The Trump administration announced Thursday that the Food and Drug Administration (FDA) will ban most flavored e-cigarette products that "appeal to children" in an effort to crack down on young people vaping. The move follows an advisory from the Surgeon General that referred to youth e-cigarette use as an "epidemic."
The FDA plans to prohibit the sale of fruit, candy, mint, and dessert flavors from pod-based e-cigarettes — such as Juul — that are popular with teens. Only tobacco and menthol-flavored cartridges will be allowed to be sold. This new policy also does not apply to large, tank-based vaping devices, which are mostly sold at vape shops aimed toward adult smokers, The Star Tribune reported. Companies now have 30 days to cease the manufacture, distribution, and sale of products that do not comply with the FDA's new enforcement actions.
"The United States has never seen an epidemic of substance use arise as quickly as our current epidemic of youth use of e-cigarettes," Health and Human Services Secretary Alex Azar said in a statement on Jan. 2. "By prioritizing enforcement against the products that are most widely used by children, our action today seeks to strike the right public health balance by maintaining e-cigarettes as a potential off-ramp for adults using combustible tobacco while ensuring these products don’t provide an on-ramp to nicotine addiction for our youth."
"We will not stand idly by as this crisis among America’s youth grows and evolves," the statement continued, "and we will continue monitoring the situation and take further actions as necessary."
It's worth noting exemptions for menthol-flavored e-cigarettes and for flavors made for tank-based devices weren't part of President Donald Trump's initial plan to ban all flavors. According to NPR, Trump vowed in September to ban flavored vaping products in the midst of an outbreak of vaping-related illnesses. He reversed his stance in November as a result of the threat of political backlash, The New York Times reported. In light of Thursday's announcement, organizations have spoken out about where the ban ultimately landed.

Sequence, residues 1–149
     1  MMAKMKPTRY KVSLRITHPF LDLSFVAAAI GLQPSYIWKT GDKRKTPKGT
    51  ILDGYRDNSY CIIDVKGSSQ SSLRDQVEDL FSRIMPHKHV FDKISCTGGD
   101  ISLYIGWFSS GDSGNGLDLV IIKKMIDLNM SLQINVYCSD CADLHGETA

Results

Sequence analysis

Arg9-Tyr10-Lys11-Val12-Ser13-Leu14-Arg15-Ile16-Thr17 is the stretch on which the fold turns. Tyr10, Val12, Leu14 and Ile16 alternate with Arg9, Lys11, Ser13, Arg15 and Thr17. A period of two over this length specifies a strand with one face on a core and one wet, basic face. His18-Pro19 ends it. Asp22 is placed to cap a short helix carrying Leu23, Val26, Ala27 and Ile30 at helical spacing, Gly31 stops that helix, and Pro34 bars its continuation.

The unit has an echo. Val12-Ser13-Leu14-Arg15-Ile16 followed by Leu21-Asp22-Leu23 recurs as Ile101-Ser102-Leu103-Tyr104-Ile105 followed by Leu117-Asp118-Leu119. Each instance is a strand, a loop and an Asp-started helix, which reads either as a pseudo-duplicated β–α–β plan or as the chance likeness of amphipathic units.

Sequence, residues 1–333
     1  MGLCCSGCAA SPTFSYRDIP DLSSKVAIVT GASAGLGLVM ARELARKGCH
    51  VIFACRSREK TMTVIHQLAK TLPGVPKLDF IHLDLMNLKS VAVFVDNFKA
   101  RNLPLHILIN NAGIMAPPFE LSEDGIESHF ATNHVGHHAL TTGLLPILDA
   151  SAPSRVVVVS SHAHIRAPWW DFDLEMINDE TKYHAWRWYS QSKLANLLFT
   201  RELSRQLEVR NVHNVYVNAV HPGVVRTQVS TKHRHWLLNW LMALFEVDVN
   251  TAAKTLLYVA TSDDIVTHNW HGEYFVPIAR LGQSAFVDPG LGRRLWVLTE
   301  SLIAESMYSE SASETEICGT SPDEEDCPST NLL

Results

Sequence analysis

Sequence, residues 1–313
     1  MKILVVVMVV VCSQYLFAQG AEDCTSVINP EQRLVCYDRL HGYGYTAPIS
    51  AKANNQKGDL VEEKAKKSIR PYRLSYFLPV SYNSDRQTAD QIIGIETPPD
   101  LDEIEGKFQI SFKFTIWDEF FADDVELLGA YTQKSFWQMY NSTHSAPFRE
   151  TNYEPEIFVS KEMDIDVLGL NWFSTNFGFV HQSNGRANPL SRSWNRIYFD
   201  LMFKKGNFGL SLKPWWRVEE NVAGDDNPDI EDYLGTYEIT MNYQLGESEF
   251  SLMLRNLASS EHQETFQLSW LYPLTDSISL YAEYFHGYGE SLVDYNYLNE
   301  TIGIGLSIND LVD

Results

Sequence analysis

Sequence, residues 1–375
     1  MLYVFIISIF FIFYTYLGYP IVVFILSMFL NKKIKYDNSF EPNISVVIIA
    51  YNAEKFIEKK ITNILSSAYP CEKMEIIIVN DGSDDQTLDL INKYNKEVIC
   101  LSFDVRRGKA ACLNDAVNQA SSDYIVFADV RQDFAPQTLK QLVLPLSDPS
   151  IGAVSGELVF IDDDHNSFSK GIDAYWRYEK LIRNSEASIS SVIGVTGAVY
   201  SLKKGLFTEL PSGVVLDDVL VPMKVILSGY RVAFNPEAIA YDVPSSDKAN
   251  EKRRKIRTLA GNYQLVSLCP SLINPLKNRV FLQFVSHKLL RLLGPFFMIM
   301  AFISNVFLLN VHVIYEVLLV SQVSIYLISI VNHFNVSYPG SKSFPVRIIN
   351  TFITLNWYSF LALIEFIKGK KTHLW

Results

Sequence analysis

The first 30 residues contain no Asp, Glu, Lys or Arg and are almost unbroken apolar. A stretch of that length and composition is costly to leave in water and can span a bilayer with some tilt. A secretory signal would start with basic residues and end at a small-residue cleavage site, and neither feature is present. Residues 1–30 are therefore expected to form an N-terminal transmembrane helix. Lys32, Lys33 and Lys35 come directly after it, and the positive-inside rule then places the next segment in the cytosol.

"Only the elimination of all flavored e-cigarettes can end the worsening youth e-cigarette epidemic and stop e-cigarette companies from luring and addicting kids with flavored products," Matthew Myers from the Campaign for Tobacco-Free Kids told the Associated Press.
As the U.S. Centers for Disease Control and Prevention (CDC) points out, more than 3.6 million U.S. youth — 1 in 5 high-schoolers and 1 in 20 middle-schoolers — used e-cigarettes in 2018. By 2019, these stats only got worse. A survey published in November 2019 in the Journal of the American Medical Association (JAMA) found that out of 19,018 respondents, 27.5% of high school students and 10.5% of middle school students self-reported e-cigarette use within the past 30 days.
The issue of vaping among youth isn't going away on its own. Changing the age minimum to 21 for purchasing tobacco products, which went into effect last week, seems like a step in the right direction, and so does prohibiting the sale of most e-cigarette flavors in the products used most by young people, though there's still room for improvement.